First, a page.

The year 1992 saw acquisitions departments trying to do more with fewer resources. Acquisitions librarians are grappling with changing technology by adapting, learning, and discussing problems that all face. The literature of acquisitions in 1992 is examined in several categories: acquisitions organization, conference reports, pricing issues and budgetary concerns, vendor performance, electronic publishing, automation, and acquisitions abroad. The proliferation of electronic communications is hazing a profound impact on acquisitions. Issues of access versus ownership, copyright, and storage of electronic media are becoming a part of the business of acquisitions.
The descriptive cataloging literature of 1992 is examined. A number of works deal with the cataloging of special materials. Work in artificial intelligence and expert systems is drawing increased attention, as is the problem of dealing with nonroman scripts in the online environment. Critical analyses of the Machine-Readable Cataloging (MARC) formats are also notable. The practicing cataloger is faced with the familiar dilemma of needing to improve cataloging techniques in the here and now, which almost inevitably means incremental change and the desire for a broader vision of the future. The literature shows good efforts in both areas but leaves many fundamental questions unanswered.
Interest in classification theory and in facet-based systems was more evident during 1992, the year that marked the one hundredth anniversary of the birth of Ranganathan. Efforts to simplify subject cataloging routines include exploration of automatic and semiautomatic methods. Solutions to online subject searching problems might be shifting to the domain of information-retrieval experts. The 1992 subject analysis literature is examined and described using the following categories: theoretical foundations, cataloging practices, subject access in online environments, and specialized materials and topics.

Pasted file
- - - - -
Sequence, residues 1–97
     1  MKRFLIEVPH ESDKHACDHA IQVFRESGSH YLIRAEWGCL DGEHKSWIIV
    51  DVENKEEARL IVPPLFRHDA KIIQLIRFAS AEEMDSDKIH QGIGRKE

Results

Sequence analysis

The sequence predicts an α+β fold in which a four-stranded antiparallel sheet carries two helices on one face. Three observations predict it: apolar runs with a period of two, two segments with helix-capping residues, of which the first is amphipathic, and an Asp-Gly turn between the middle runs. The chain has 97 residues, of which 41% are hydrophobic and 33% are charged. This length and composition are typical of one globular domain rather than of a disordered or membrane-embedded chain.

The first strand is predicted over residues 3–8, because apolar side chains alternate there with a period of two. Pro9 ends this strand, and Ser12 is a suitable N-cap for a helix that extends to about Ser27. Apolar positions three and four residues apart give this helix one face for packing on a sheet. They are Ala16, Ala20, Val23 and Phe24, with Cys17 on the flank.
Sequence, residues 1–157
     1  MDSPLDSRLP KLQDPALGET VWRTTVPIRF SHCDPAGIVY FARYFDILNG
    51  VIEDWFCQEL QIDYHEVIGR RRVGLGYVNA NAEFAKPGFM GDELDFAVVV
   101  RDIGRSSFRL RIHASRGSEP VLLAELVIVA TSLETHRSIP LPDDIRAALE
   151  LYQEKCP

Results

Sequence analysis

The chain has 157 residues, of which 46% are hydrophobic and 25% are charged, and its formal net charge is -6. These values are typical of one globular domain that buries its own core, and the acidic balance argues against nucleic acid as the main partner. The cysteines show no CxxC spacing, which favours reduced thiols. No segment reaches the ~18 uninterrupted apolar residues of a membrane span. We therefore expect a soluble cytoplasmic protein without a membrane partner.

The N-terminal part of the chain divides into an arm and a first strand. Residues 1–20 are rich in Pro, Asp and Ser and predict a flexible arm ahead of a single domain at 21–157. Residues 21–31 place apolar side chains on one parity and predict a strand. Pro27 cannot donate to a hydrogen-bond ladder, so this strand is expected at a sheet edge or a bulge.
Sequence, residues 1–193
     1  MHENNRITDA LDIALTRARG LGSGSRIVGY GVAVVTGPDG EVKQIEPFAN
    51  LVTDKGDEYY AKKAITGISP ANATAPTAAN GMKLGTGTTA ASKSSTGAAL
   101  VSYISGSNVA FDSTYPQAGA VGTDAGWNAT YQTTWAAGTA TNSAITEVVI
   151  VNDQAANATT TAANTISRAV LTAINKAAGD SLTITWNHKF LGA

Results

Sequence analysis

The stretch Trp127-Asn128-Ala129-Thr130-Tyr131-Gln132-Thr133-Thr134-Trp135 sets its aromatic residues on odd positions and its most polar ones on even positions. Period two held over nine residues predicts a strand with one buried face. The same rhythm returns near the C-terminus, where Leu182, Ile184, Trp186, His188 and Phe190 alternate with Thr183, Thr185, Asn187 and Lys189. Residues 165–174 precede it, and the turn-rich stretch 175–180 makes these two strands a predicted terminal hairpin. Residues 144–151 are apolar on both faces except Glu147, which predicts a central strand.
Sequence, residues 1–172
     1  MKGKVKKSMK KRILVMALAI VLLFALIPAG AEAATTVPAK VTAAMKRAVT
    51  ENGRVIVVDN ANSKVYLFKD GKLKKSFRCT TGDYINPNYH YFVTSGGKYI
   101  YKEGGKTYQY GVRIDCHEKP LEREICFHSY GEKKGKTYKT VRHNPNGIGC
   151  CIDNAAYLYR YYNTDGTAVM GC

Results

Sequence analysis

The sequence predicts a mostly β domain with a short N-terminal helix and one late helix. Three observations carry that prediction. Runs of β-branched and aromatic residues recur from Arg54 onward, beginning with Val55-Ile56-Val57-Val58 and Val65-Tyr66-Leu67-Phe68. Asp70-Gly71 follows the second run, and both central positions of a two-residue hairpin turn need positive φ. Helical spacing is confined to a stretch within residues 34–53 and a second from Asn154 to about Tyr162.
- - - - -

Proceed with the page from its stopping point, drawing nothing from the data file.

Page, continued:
Collection building returns to the forefront in many of 1992's notable articles on collection development. Other key topics include selection policies, cooperative activities, and collection evaluation, as well as concerns about organization and staffing. Several important contributions on budget and allocations are noted, as is a continued emphasis on electronic formats.
If one of the goals of preservation professionals is the integration of preservation strategies within the rest of the organization, then 1992 showed movement toward that goal. The number of preservation-related articles that appeared in the general literature shows this developing integration. The trend toward further experimentation and testing of new technology gives every indication of continuing. More and more expertise will be required to keep current as technologies change. Complicated issues continue to expand as preservation tries to keep up with the changing face of technology, while still pursuing new solutions to ever-present problems.
Issues relating to the reproduction of library materials have now proliferated far beyond the traditional practices of microfilming and photocopying. Traditional activities to the reproduction of library materials in the areas of microfilm and electrostatic photocopying continue to be brisk, but new electronic applications long technologically possible are becoming more economically feasible and are making their own distinctive niche in the field of document publication, reproduction, and delivery. The impact that the new technology will have on the old promises to be enormous. The role of hybrid technologies for the reproduction of library materials in the digital age has yet to be clarified. The increasing use of electronic imaging will not mean the displacement of older micrographic and paper-based document reproduction and delivery services. Rather, an increasing dependence upon electronic digital imaging will continue for current material that is more heavily in demand.
The serials literature published in 1992 is selectively reviewed and listed. Issues regarding current cataloging matters and development of the electronic journal receive the primary focus. Authorship is predominantly academic and thus one sided in representation. To a large extent we have an American perspective of essentially a series of international issues.